A good while ago I was asked by a Dutch magazine if I would write a crime story in less than 800 words. I did, and the story was published in Dutch. It has never been published in English, and so here we have it, all seven hundred and eighty-five words of it…
For some considerable time, David had known he would kill his wife.
David was a creature of habit, and yet he had learned to accept his anonymity and predictability as a blessing, not a curse. He rose at the same time, dressed in clothes indistinguishable from those he wore on any other day, ate the same breakfast, took the same route to work. He filed insurance claims until lunchtime, and then he walked to the park. Here he sat for forty-eight minutes to read the newspaper, to eat his sandwich, and then he walked back to the office. To him, this routine had become a comfort.
David had made no definite plans as to the means of disposal for her body, nor how he would explain her sudden disappearance to family, friends and neighbors. Perhaps he believed that once the deed was done he would be struck by a brilliant solution, a streak of lightning, a bolt from the blue.
David had decided the manner of her death, however. He would stab her in the eye. The chosen instrument of death was not a knife, but a knitting needle. He had bound half its length in duct tape so as to provide a firm grip, yet with six inches exposed he believed that the needle – if driven suddenly, and with sufficient force – would pass directly through her eye and into the brain. There would be little, if any, blood, and death would be instant. She had given him fifteen years of comfortable, predictable marriage, and he did not wish to cause her any undue pain or distress. In fact, David did not think of it so much as a murder, but more of an execution for some unknown crime.
And so it was, on a cool summer evening, that David and his wife sat at the kitchen table to eat. She had prepared a chicken salad and opened a bottle of Sauvignon Blanc. They ate in near-silence, the stillness punctuated by the odd pleasantry, the fact that rain had been expected but not arrived.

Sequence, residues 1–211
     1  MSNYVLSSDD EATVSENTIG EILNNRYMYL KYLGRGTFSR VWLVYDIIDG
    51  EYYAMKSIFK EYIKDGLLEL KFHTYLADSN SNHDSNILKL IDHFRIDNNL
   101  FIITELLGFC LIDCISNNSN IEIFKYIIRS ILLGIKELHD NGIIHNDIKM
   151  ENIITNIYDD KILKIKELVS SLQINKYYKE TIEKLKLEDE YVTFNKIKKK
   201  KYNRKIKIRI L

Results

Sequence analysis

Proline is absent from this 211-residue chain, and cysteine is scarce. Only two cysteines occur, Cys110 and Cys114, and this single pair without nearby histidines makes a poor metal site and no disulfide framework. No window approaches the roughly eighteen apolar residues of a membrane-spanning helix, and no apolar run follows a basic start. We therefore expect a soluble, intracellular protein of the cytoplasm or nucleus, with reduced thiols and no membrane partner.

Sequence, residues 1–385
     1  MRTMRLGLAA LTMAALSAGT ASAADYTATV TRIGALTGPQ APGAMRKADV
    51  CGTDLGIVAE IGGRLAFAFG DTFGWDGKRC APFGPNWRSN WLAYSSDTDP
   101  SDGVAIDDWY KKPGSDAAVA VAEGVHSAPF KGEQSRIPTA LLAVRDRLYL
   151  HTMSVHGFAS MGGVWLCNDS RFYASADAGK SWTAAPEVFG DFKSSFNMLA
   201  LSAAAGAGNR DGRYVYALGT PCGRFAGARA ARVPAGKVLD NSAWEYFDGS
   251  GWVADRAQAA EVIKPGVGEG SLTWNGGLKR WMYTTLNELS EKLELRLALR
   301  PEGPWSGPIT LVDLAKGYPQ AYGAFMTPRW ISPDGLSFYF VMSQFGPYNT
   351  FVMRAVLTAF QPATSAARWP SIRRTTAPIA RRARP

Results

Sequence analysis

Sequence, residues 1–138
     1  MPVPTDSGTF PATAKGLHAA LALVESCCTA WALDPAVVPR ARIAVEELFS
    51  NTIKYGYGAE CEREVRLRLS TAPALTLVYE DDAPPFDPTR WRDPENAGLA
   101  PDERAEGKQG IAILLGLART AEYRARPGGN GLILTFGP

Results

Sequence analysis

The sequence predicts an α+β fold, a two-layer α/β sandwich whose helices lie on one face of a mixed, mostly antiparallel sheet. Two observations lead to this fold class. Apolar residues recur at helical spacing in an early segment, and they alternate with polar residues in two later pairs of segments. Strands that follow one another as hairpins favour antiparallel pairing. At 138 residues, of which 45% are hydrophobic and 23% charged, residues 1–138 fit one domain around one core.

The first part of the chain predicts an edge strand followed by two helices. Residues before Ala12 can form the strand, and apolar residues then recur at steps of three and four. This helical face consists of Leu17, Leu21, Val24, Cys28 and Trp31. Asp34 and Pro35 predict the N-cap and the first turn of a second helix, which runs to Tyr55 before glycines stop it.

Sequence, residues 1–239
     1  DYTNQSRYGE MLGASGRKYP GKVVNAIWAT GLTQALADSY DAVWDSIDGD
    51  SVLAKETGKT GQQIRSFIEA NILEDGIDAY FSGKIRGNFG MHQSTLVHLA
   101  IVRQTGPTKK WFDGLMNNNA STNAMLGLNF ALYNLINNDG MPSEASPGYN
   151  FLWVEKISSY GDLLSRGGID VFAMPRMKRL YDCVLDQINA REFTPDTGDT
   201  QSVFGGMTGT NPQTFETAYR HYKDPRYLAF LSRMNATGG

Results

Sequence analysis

“Perhaps tomorrow”, David had commented, finding it ironic that he was mentioning something of which she would know nothing.
David sat calmly, the knitting needle beneath his thigh. He felt a sense of philosophical resignation regarding the inevitability of what was about to happen. There would be no struggle, no raised voices, no desperate drama as she fought against hands tightening around her throat. There would be no blood spatter, no scuff-marks from frantic heels against the linoleum. She would find herself at dinner, and then she would be dead. Perhaps she would not even notice.
“You’re having no wine?” he asked her.
“No,” she said. “I have a slight headache. The wine will worsen it.”
It was then that David experienced a sudden pang of something. She had smiled at him, and smiled in such an innocent and unaffected way, and there had almost been a sense of sadness in her tone.
She could not know what he had planned, for he had planned nothing beyond her death. She could not suspect him of any deceit. Each day had been the same. He had done the same things, expressed the same thoughts with the same words, continued with routines that had remained constant and unchanging for years. In fact, it was safe to say that the single most defining characteristic of their marriage was that nothing ever happened.
But now he was feeling something.
Was it regret? Guilt? Was he even now questioning the determination he had made to kill her?
Why was he experiencing this sense of disorientation, a feeling of agitation in his stomach, a fleeting wave of nausea?
Why did he now feel so weak, so uncertain?
He opened his mouth to speak. His words were thoughts, but they were not sounds.
She looked at him, the same sense of sadness in her eyes. The stab of pain in his gut was breathtaking. It snatched every molecule of air from his lungs and throat. He had never felt anything like it. The pain did not last so long – thirty seconds, perhaps forty.
He felt his cheek against the plate of moist salad, and then he felt nothing at all.
David’s wife carried the wine bottle and the glass to the sink. She was methodical as she washed them, ensuring every grain of sediment was removed from both.
And then she stood in the kitchen doorway, and she looked at her dead husband, and she believed that during the last days – as she had planned his murder – she had felt more than enough emotion to compensate for a decade and a half of feeling nothing at all.